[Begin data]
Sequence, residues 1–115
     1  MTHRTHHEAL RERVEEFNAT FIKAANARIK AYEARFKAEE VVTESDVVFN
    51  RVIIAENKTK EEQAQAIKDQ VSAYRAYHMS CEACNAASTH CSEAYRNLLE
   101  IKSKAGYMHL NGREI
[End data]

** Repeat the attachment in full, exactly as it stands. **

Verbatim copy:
Sequence, residues 1–115
     1  MTHRTHHEAL RERVEEFNAT FIKAANARIK AYEARFKAEE VVTESDVVFN
    51  RVIIAENKTK EEQAQAIKDQ VSAYRAYHMS CEACNAASTH CSEAYRNLLE
   101  IKSKAGYMHL NGREI